It’s bad enough to pay pupils to turn up to school or to get good marks, but what I find really shocking is the idea that primary-age children should be paid for reading a book. Yet many schools in the UK and in the USA are awarding certificates, stickers, points – and even points with a monetary value – for each book a child reads, verified by a quiz on the text.
Offering a reward that has to be earned suggests to children, at an early age, that reading is an unpleasant task which they need to be bribed to do. Children should read because they love reading, not because they are getting paid or rewarded by their teachers. Readers keep reading because they are intrigued by the stories and want to know what happens next. Along the way they imbibe new words and ideas, encounter other worlds and feed their imagination.
We know that children who read a lot do well at school. Research has found that nine-year-olds at the 90th percentile read in two days, by choice at home, what children at the 10th percentile read in a whole year. Reading gives children access to a rich vocabulary they would not encounter otherwise. For example, on page two of The Giant’s Necklace, a story for eight-year-olds and older by Michael Morpurgo, they come across words such as ‘pursuit’, ‘invariably’, ‘relentlessly’, ‘diminutive’, ‘slight’, ‘wither’, ‘scornful’ and ‘interminable’.
Schools using a ‘pay-by-book’ or ‘count the number of words read’ scheme defend the inducement by saying that the end justifies the means. They believe that if children are reading, for whatever reason, they will do better, not just in English but across the curriculum. Research – and common sense – suggests otherwise. By offering a reward we are saying “this task is useful but undesirable, so we need to persuade you to do it”. Besides suggesting that reading is a task and not a pleasure, giving rewards takes away self-motivation and replaces it with calculation.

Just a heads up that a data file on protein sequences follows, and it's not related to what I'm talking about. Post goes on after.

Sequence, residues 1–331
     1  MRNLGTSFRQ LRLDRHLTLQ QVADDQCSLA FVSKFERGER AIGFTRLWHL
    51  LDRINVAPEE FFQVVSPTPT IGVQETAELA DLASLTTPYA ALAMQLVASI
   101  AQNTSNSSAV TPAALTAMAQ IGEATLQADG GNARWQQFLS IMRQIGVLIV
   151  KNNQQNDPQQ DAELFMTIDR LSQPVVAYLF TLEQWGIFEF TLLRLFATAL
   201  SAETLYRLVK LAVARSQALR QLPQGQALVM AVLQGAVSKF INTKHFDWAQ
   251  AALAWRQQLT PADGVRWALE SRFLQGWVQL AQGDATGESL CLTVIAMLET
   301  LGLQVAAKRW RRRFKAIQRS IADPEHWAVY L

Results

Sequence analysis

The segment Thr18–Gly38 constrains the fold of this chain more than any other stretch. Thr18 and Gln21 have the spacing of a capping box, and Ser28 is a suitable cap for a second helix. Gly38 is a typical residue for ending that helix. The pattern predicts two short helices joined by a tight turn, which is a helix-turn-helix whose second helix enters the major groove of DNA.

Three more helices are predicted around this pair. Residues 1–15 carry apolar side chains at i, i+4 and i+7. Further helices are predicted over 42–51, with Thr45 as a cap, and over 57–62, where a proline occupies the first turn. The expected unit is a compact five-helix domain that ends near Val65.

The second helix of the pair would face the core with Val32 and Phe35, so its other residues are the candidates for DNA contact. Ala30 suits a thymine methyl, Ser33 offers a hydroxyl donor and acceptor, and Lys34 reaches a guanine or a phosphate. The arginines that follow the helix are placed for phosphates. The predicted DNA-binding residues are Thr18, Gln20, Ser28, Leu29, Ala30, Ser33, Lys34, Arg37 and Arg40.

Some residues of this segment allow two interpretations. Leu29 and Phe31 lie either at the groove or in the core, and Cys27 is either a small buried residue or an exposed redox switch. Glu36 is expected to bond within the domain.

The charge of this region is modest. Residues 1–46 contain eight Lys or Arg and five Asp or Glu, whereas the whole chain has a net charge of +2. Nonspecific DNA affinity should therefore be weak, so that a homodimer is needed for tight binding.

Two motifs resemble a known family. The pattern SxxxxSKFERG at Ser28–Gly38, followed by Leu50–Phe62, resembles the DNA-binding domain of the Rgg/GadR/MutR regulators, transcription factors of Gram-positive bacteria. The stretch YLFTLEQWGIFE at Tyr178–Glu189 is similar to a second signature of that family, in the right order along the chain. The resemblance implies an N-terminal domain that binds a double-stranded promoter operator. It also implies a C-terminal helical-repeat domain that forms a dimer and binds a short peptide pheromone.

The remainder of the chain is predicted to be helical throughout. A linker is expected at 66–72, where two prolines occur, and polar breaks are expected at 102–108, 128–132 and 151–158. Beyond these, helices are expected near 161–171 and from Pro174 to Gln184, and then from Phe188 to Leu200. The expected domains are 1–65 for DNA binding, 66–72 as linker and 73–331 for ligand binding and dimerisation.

American psychologists Mark R. Lepper and David Green set out to test the efficacy of rewards on pre-school children. Children who were known to enjoy drawing were asked to draw with crayons for six minutes. One group were told to expect a reward of a certificate with a gold seal and ribbon for taking part. A different group were not promised or given any reward. Children who expected a reward drew for just half the time compared to those who did not receive any reward. In addition, judges rated the pictures drawn by the children expecting a reward as less aesthetically pleasing.
Like caffeine, rewards may offer a short-term boost but the effect wears off quickly and reduces long-term motivation. The other problem lies in knowing when to stop. If you pay once, then you have to keep on paying because the chances are that the child will stop once no reward is in sight. If you give children stickers, tokens, certificates (or points with monetary value) for every three books they read, will they read a fourth? If you count the words they read, they will soon work out that they can get more rewards by choosing easier books. They play the system. Even worse, they begin to measure themselves and each other according to word count: “You have only read 4,000 words? You must be a bit stupid.”
There are better ways to foster a love of reading, starting by making sure they can read – and by reading to them – every day. Reading is its own reward; there are worlds to discover inside books, and children can find people just like them and who are different. A book can make them feel happy, sad, excited, touched or even angry at times. No sticker or points towards a cinema ticket can provoke such an emotional reaction. As Maryanne Wolf, the Director of the Center for Reading and Language Research at Tufts University, Massachusetts, puts it:
“Emotional engagement is often the tipping point between leaping into the reading life or remaining in a childhood bog where reading is endured only as a means to other ends…After all the letters and decoding rules are learned, after the subterranean life of words is grasped, after various comprehension processes are beginning to be deployed, the elicitation of feelings can bring children into a lifelong, head-on love affair with reading and develop their ability to become fluent, comprehending readers.”